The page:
There are some universal truths that apply to every person: we are born, every day could be our last, we can’t change the past (only rewrite it), we can’t know the future (but great software can help you predict it… wink, wink), we can’t please everyone, knowledge is power, you have to be in it to win in… and we all have a budget. Yup, even Bezos has a budget. He couldn’t buy the earth and moon on a stick for example. And that goes for HR departments too.
And budget management might sound like an administrative task but it’s strategic too. Some HR managers can do more for their people and their organisations with a small budget, than others can achieve with seemingly limitless resources. That’s because they know how best to use it. They understand the needs of their workforce and the business. They’re supported by the data.
And one aspect of budgeting it being able to demonstrate that initiatives which don’t have a direct and self-evident effect on profit, still make financial sense.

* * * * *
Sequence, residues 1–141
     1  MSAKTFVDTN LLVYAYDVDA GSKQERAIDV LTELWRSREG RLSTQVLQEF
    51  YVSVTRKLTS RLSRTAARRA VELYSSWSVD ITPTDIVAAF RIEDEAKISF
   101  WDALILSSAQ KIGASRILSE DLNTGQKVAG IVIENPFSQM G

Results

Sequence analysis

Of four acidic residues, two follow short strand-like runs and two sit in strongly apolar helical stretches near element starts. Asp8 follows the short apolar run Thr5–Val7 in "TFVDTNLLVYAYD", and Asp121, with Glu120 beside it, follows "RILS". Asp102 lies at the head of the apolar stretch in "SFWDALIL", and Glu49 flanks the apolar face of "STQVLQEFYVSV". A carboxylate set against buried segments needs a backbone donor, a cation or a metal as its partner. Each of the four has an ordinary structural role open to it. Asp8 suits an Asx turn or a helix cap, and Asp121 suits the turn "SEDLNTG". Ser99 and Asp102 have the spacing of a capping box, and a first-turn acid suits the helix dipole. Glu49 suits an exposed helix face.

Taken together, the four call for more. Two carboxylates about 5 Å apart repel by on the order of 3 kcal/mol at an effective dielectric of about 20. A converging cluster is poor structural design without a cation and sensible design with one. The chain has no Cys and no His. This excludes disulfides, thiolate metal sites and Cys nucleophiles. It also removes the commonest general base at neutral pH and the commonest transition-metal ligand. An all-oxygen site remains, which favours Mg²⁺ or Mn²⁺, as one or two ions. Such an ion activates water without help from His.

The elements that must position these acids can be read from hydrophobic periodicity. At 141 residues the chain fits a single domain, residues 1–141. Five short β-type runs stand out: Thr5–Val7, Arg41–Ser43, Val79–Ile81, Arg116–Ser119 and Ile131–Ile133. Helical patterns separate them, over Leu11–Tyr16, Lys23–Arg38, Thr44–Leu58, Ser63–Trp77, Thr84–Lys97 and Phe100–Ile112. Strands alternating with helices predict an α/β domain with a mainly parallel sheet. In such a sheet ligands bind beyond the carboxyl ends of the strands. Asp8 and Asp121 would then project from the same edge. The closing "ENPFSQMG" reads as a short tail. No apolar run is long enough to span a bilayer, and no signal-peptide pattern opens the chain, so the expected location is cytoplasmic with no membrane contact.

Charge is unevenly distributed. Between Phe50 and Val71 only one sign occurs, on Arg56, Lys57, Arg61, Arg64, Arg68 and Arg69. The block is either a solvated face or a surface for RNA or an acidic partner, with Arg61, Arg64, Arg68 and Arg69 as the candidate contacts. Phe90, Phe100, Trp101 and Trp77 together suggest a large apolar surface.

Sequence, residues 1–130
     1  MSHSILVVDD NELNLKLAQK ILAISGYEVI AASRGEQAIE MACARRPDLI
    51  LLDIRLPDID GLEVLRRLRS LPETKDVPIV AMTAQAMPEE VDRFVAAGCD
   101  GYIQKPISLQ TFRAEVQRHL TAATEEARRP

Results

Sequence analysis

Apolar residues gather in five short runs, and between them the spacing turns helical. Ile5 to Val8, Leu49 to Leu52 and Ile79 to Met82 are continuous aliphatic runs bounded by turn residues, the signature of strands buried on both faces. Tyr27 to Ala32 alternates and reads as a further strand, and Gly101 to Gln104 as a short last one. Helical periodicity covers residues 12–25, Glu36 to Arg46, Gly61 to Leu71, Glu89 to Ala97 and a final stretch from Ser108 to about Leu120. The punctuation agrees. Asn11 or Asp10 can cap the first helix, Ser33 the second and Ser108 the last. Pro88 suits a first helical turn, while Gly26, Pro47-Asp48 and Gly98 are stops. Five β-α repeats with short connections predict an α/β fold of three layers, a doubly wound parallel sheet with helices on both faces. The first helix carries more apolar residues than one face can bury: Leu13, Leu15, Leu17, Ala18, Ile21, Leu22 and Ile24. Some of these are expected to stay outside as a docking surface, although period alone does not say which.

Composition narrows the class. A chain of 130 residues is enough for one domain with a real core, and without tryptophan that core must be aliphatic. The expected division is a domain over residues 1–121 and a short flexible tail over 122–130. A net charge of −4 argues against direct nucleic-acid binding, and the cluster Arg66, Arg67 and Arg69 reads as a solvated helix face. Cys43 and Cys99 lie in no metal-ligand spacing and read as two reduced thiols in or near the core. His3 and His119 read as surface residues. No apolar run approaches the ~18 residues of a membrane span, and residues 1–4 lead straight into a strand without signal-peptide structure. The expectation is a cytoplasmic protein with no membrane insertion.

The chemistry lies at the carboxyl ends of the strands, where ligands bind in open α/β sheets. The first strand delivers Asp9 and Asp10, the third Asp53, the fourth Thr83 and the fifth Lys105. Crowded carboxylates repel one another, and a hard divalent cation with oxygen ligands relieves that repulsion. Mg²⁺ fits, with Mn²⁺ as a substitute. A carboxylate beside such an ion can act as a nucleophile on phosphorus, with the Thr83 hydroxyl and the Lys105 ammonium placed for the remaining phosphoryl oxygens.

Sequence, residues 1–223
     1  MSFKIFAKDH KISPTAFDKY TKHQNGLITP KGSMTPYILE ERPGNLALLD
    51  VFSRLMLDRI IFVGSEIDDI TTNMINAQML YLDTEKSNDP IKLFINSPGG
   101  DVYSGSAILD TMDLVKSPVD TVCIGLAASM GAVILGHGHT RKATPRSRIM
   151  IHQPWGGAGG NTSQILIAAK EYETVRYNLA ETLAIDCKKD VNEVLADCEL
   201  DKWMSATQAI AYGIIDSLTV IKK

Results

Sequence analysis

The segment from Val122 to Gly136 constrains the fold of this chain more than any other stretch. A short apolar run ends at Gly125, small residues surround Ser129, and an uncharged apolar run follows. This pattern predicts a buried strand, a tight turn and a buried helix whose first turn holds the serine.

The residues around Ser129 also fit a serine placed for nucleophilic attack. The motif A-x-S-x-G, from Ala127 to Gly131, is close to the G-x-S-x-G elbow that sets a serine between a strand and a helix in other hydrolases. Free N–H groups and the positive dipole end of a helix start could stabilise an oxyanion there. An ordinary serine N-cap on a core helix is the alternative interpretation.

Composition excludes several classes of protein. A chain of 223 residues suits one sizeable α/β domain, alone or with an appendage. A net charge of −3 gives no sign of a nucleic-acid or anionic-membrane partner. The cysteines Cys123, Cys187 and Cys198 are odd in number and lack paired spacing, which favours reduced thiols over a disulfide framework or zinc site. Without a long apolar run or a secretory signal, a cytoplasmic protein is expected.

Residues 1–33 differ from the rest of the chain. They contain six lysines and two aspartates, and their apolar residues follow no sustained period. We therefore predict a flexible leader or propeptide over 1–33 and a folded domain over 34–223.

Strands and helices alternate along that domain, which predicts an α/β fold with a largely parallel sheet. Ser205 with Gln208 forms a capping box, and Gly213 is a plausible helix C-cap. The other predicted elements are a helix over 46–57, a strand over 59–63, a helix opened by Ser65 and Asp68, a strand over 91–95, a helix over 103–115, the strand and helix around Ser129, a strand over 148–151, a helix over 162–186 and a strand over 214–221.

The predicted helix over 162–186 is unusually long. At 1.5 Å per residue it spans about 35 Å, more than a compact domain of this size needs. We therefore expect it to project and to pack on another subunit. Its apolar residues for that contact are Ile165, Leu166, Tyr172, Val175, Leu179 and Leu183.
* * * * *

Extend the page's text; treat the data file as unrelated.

If you’ve been hiding under a very far-flung rock—say, Pluto—for the last couple of years, then:
a) we don’t blame you and
b) equality, diversity, and inclusion have become a big deal in HR.
According to a study by McKinsey, companies that fall in the top quartile for diversity in leadership, were 25% more likely to have above-average profitability compared to those companies that fall into the bottom quartile. Despite the numbers, most organisations still fail to invest in ED&I strategy. So, HR professionals need to develop and clearly communicate data-backed plans to incorporate ED&I strategy and address inequalities through training.
And that leads us to another growing responsibility of the HR department.
Learning and development
As well as supporting a positive company culture with things like ED&I training; complying to regulations with things like health and safety training; providing industry specific training; and adapting everyone to the requirements of automation, digitisation, and intelligent technologies—HR departments should provide and encourage good corporate learning options.